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Cultural diversity in the workplace

Race Discrimination

Speech at the Launch of the Workplace Cultural Diversity Tool

There’s no greater truism today than to say that Australia is a multicultural society. Almost half of our population is born overseas or has a parent who was born overseas. One in five of us speak a non-English language at home.

And yet, while Australians embrace diversity in our everyday lives – while we are comfortable and relaxed about diversity – there remains a long way to go in getting things right in the workplace.

Not every employer or manager understands how they can benefit from a culturally diverse workforce. Not everyone knows how they can make the most of culturally diverse clients or customers.

The Workplace Cultural Diversity Tool is designed to make this easier.

One of the problems with discrimination in the workplace is that not everyone realises it may be happening. “I know it when I see it” is a common response to racial discrimination. Indeed, most of us will have some sense of where the line is drawn.

But, on matters of culture, there will also be occasions when people may inadvertently discriminate. Or when discrimination is subtle. When it comes to discrimination, the issue is as much about impact as it is about intention.

This tool will help highlight situations where discrimination could occur. And it points to steps employers can take to prevent them from happening.

The Australian Human Rights Commission has developed this tool as part of the National Anti-Racism Strategy. As many of you know, this Strategy has been in place since 2012 and was developed by the National Anti-Racism Partnership. The Partnership comprises a number of federal government departments and civil society organisations.

But the workplace is one of the priority areas of the Strategy. This tool is very much integral to the national agenda of preventing racial discrimination and promoting cultural diversity.

The Commission has been very grateful to have as its partners Diversity Council Australia and VicHealth. I would like to take this opportunity to thank these two organisations for their support in developing this tool. During the past year we have, with the help of our partners, been refining this tool and testing it with a range of corporate and not-for-profit organisations across the country.

And a special note of acknowledgement as well to VicHealth, as this tool is based on work that VicHealth commissioned a number of years ago, and which they piloted in two Victorian local councils in the cities of Whittlesea and Greater Shepparton. I acknowledge the efforts of Yin Paradies, Brigid Trenerry and Peter Streker in developing that original piece of work.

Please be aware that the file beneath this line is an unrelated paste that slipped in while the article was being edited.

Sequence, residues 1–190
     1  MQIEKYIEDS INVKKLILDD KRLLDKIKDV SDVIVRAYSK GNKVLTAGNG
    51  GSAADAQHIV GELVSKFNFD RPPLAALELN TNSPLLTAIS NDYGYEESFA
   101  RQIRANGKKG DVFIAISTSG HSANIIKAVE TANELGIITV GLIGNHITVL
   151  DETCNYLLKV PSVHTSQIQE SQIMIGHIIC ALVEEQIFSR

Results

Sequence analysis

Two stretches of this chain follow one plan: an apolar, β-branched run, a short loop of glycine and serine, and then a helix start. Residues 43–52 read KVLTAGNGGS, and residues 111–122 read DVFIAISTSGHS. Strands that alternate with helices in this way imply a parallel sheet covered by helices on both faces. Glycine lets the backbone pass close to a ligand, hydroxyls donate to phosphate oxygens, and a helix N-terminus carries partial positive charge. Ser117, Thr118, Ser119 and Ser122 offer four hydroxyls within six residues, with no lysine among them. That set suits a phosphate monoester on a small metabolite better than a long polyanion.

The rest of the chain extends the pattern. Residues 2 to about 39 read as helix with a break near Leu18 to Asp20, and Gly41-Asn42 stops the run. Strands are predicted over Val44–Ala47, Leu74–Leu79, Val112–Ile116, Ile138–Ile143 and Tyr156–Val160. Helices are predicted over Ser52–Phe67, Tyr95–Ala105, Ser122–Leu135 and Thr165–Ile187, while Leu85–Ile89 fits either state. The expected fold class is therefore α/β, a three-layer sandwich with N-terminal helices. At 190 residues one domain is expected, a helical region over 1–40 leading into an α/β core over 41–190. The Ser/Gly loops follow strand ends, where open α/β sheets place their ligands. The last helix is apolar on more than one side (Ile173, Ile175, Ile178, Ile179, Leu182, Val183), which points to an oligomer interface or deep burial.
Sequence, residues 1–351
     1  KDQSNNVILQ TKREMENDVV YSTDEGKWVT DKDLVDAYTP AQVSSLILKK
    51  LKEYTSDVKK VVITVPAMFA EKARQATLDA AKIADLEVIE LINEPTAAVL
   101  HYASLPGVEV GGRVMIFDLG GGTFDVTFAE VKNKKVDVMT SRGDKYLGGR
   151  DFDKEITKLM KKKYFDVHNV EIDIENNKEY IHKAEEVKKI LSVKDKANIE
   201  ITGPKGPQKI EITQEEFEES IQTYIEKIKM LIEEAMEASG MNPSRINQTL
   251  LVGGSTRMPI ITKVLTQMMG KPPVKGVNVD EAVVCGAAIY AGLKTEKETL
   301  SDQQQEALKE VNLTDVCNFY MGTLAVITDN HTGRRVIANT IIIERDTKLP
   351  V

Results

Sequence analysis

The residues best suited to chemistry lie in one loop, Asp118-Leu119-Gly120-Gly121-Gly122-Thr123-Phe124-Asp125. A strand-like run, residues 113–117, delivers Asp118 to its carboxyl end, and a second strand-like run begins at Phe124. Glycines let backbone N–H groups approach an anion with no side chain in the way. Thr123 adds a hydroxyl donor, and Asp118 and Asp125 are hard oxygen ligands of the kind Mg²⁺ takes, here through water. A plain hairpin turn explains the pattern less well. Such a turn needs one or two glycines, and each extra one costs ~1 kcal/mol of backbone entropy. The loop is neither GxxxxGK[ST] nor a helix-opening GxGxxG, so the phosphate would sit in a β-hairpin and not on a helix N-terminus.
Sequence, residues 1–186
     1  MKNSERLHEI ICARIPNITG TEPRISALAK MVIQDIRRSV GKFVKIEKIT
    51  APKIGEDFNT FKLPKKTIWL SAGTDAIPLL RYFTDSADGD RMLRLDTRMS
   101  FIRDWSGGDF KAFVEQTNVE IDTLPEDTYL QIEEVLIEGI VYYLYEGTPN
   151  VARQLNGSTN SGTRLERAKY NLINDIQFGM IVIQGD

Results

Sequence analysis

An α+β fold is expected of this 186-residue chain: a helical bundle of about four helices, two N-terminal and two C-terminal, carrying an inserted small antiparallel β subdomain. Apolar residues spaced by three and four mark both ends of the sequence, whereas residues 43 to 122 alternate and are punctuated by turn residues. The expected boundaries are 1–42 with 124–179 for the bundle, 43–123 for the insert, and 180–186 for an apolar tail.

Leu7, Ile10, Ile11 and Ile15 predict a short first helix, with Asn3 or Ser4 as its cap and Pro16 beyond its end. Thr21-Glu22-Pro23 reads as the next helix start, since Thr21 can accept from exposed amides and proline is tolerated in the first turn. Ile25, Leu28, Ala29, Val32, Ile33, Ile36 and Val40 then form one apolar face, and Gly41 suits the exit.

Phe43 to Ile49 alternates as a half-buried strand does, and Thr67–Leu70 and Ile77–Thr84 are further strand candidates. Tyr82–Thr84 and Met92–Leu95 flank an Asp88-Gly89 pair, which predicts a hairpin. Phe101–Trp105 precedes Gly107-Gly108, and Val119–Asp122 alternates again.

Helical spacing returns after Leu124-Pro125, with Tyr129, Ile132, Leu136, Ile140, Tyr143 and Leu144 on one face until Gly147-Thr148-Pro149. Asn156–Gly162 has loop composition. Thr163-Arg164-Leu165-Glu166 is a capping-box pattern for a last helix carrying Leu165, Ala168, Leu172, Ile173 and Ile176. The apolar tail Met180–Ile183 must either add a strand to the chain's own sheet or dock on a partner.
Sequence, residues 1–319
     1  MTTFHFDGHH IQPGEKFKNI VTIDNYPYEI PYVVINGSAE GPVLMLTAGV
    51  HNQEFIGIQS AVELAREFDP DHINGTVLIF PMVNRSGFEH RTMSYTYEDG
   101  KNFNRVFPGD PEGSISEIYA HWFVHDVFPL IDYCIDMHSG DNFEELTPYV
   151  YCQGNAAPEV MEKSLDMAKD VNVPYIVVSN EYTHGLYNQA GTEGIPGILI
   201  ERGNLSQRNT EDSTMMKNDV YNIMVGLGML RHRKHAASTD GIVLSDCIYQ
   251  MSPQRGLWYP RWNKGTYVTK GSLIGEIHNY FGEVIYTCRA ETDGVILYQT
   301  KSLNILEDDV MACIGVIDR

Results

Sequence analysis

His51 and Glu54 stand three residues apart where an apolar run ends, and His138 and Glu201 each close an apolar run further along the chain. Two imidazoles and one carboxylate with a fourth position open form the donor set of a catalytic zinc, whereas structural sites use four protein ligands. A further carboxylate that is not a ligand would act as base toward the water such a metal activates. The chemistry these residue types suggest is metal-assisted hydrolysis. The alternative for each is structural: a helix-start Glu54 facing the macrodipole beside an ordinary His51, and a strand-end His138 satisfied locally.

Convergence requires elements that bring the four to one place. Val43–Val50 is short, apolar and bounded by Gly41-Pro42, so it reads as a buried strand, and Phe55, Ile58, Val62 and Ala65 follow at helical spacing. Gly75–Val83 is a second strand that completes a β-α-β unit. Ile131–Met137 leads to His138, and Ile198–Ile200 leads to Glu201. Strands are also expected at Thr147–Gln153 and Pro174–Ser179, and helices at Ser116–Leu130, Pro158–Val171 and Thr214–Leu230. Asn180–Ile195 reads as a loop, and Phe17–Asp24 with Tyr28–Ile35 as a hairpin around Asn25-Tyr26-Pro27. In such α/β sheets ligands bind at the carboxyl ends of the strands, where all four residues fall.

Let me now tell you quickly about how the tool works. And to understand how it works, you really need to see it.

If you go to and take a moment to create a log-in, you will be on the way to completing an online assessment of how well your organisation fares on cultural diversity.

The assessment consists of 30 items across the areas of leadership, strategy, staff, culture and monitoring. Each item will list a best practice standard, and also three options. These options will help the user understand what is indicative of an organisation that is just starting out, that is currently developing their policies, or that already has an advanced system for dealing with culture. Think of it as a questionnaire where you can identify exactly the cultural sophistication of your organisation.

For example, does your organisation have strategies to support cultural diversity that are part of your planning processes? Do you have shortlisting and interview procedures that are designed to reduce potential bias against applicants from culturally diverse backgrounds? Do you have strategies to retain and promote culturally diverse talent through mentoring and peer coaching? Do you monitor your progress on cultural diversity?

As you answer such questions, you will have as a guide various case studies that we have compiled from the private sector and not-for-profit sector that demonstrate exactly what best practice can involve.

Once you complete the assessment, you will receive an automatically generated, confidential report that will show your organisation’s results.

The tool will then invite you to add comments against your results and to nominate ways to move your organisation to the next level of cultural good practice.

Use of this tool, I should note, is free. There is no cost in accessing the tool, and no cost involved in the confidential report that will be generated for your organisation. Depending on the size of your organisation, the tool can be expected to take about an hour to complete.

So, that’s the thinking behind the cultural diversity tool – and also a brief summary of how it works. But don’t just take my description of it, do try it out for yourselves. All you need to do is log into the website at

And I want to reiterate as well that this tool represents only the start of the conversation, and not the end of it. There’s still a lot that we can learn about diversity – and a lot that we can do to get the most out of it.

Dr Tim Soutphommasane, Race Discrimination Commissioner